RSVP Magazine

Some very common health myths debunked

We all hear certain “facts” about our health from a range of sources, be it over coffee with mates, or from a recent, not so trustworthy, survey. So we’ve decided to put together a list of common health myths which have actually been debunked.

From the 5 second rule to Sugar causing hyperactivity in kids, not all of what you think to be true is.

1). Sugar causes hyperactivity in children.

The common myth that sugar causes hyperactivity in children may not be all that true. According to The Business Insider, numerous scientific studies have tried and failed to find any evidence that supports this theory. According to the National Institute of Mental Health:

“The idea that refined sugar causes ADHD or makes symptoms worse is popular, but more research discounts this theory than supports it.”

2). The 5 second rule.

If I pick up my food within five seconds of it falling it’s still ok to eat. I think we all already know that this isn’t true, but just in case you need it confirmed. Bacteria don’t wait 5 seconds before swarming your food. According to Science Daily, Rutgers researchers have disproven the widely accepted notion.

“Transfer of bacteria from surfaces to food appears to be affected most by moisture,” Schaffner said, one or the researchers on the paper. “Bacteria don’t have legs, they move with the moisture, and the wetter the food, the higher the risk of transfer. Also, longer food contact times usually result in the transfer of more bacteria from each surface to food.”

So it looks like type of surface, and moisture are factors in how much bacteria your food attracts and not just time.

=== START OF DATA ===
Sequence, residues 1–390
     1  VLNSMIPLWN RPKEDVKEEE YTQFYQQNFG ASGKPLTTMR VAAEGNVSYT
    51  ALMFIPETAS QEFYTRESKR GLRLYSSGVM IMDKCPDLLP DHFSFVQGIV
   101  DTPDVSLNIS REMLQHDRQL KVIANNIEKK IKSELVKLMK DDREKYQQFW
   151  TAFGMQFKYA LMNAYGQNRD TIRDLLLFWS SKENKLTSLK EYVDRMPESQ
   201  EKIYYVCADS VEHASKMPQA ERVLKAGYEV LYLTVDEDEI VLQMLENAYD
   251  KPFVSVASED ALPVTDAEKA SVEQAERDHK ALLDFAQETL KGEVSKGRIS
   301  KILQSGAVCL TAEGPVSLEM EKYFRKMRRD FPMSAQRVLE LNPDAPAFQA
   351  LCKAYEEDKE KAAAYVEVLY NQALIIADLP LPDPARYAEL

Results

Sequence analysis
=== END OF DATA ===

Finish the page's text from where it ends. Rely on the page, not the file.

3). Antiperspirant Causes Breast Cancer.

Many people believe that the chemicals in antiperspirant and roll on deodorants can be absorbed by the skin and end up in breast tissue, increasing the risk of cancer. While this theory makes sense, there is not a lot of evidence to support it. According to WebMD, the National Cancer Institute says there’s no evidence connecting either product with breast cancer.

4). You can cure a hangover by drinking more.

We wish this were true! Drinking when you’ve a hangover may make you feel temporarily better, but this is only because alcohol dulls your senses. It’s similar to the fact that you often don’t notice injuries sustained on a night out until he next morning, alcohol in your system has a numbing effect. but is not a remedy.

5). Feed a cold, starve a fever.

We’re still solid believers in this one, however, it’s not technically a proven way to get rid of either of these. The reason this is not necessarily accurate is because your body needs energy to recover, so restricting or ‘starving’ your fever may make you feel a lot weaker, and slow down the process.

Can you think of any other common health myths that aren’t actually true?

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